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Lincoln's Melancholy: How Depression…
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Lincoln's Melancholy: How Depression Challenged a President and Fueled His… (2005)

by Joshua Wolf Shenk

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A fascinating book about Lincoln and about depression as well. The research and scholarship is excellent. He included many references from many disciplines and that added great value to the author's credibility and thoughtfulness of the topic. He was very realistic about how history can be so tainted by the teller and that was refreshing and enlightening. Mr. Lincoln was a complex human and this refreshing analysis of him added a great deal to Lincolnography, while still admitting some things cannot truly be "known". This book was a true page turner for me. I have read a bit about Lincoln and this added nicely to it. ( )
  DonaldPowell | Feb 5, 2019 |
This is a solid read. The book's premise is that Mr. Lincoln suffered from melancholy. Today, many would consider his suffering as clinical chronic depression. I think the book does speculate a lot, as it is impossible to really know how severe it was. However, based on writings of Lincoln himself and his contemporaries, it is highly likely he did suffer from depression at times. At one point early in his career, Lincoln does contemplate suicide, and he may have published a poem anonymously about suicide. Moreover, it's undeniable that Lincoln had a natural gloomy, contemplative countenance and aura about him. Evidence for that is all over the place from numerous published accounts of his peers to portraits of the man.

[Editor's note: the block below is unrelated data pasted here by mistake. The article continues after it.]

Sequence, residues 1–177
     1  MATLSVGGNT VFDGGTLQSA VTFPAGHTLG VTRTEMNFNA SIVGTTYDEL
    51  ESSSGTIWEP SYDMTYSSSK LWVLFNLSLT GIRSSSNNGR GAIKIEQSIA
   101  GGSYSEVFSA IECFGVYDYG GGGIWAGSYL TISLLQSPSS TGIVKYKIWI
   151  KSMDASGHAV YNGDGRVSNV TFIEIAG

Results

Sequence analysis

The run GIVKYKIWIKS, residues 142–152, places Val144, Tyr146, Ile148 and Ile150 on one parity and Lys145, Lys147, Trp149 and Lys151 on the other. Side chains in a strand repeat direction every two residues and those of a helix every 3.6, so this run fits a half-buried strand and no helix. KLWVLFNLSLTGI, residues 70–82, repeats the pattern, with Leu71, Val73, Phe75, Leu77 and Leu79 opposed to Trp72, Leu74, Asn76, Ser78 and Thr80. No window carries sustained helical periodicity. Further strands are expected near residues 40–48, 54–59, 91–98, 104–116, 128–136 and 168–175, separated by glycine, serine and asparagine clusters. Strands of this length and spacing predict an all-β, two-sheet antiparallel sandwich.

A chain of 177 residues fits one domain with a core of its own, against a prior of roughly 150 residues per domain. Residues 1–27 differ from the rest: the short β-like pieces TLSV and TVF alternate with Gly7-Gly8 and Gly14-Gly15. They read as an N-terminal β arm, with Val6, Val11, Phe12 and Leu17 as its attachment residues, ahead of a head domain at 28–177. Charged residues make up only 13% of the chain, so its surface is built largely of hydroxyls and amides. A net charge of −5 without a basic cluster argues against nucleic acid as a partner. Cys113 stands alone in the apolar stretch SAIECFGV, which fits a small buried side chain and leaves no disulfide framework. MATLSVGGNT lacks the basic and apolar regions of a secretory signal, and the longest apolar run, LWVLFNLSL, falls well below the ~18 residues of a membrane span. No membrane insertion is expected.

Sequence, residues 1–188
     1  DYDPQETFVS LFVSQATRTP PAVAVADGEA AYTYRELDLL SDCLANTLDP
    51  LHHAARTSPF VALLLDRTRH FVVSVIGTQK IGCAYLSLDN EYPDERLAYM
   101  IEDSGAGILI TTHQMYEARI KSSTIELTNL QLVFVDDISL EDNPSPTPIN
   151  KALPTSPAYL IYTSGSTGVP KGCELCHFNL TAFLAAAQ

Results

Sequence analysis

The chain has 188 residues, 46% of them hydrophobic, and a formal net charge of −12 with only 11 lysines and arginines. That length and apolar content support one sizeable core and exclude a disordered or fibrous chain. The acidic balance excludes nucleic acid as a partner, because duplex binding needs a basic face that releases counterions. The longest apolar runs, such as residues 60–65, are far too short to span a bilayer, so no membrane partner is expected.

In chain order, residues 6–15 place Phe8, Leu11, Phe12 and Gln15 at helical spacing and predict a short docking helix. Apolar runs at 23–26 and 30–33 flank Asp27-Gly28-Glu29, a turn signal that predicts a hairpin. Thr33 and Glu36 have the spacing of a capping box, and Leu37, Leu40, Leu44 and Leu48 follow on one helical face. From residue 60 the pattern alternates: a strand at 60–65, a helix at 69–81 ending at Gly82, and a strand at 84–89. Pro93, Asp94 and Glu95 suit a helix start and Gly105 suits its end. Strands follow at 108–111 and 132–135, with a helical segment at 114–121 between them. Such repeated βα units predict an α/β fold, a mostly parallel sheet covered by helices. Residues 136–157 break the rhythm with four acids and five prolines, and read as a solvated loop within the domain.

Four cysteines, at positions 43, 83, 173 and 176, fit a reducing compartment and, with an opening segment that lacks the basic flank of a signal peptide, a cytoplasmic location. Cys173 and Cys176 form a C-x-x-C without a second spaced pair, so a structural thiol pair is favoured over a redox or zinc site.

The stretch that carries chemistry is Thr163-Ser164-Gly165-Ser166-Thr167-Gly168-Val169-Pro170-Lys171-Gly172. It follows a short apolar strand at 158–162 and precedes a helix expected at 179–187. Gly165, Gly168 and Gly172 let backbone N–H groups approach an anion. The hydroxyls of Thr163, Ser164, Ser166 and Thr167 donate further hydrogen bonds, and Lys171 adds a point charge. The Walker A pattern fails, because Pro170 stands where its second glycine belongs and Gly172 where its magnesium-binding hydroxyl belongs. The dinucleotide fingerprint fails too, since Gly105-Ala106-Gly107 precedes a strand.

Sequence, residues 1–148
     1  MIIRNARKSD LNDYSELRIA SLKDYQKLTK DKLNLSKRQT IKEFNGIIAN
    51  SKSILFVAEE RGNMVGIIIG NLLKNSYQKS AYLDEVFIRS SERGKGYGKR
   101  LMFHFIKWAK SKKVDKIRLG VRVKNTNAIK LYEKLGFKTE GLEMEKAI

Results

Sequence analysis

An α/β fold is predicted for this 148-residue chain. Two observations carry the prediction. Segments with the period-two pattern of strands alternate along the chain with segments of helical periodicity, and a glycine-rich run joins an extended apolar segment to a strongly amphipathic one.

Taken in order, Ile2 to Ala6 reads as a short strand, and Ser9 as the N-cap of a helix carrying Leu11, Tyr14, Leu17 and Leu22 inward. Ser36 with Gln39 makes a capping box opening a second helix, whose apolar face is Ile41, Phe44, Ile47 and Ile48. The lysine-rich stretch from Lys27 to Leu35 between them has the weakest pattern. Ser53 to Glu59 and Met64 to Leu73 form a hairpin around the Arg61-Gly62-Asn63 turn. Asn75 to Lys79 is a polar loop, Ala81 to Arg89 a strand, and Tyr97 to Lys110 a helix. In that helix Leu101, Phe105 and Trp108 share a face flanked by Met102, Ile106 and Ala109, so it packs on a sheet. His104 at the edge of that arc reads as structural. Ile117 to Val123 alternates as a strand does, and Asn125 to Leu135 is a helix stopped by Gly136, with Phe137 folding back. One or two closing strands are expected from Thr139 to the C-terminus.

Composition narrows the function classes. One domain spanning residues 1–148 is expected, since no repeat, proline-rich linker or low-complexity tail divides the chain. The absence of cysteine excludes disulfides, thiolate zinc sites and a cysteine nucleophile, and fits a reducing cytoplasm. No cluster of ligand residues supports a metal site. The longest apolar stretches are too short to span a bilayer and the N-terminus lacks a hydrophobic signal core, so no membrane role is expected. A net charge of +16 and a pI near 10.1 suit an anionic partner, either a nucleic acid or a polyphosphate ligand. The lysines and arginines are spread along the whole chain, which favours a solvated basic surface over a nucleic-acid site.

The author attempts to weave the analysis of Lincoln's mental health with his life story. He uses this linear progression of Mr. Lincoln's life to show how Lincoln learned how to adapt to his illness, and he shows the ways Lincoln used his suffering to see the world in a different way, and strategies he used to deal with depression, like humor. There is a lot to like about this book, and it contains many little stories about Lincoln that I haven't heard elsewhere.

So, I would recommend this one with the understanding that there is a bit of speculation here, and we may never know the whole picture of Lincoln's mental health. Perhaps, that is best. Lincoln is a mysterious man in many ways and I kind of like it that way. ( )
  Mitchell_Bergeson_Jr | Aug 6, 2017 |
This was a truly fabulous book. Well researched and it gave deep insight into how we, as a nation, view mental illness and how it has changed over the course of time. It also gave insight into a man I've long admired and felt a pull toward. This was excellent fuel for my moderate Lincoln obsession. ( )
  Melynn1104 | Jun 28, 2017 |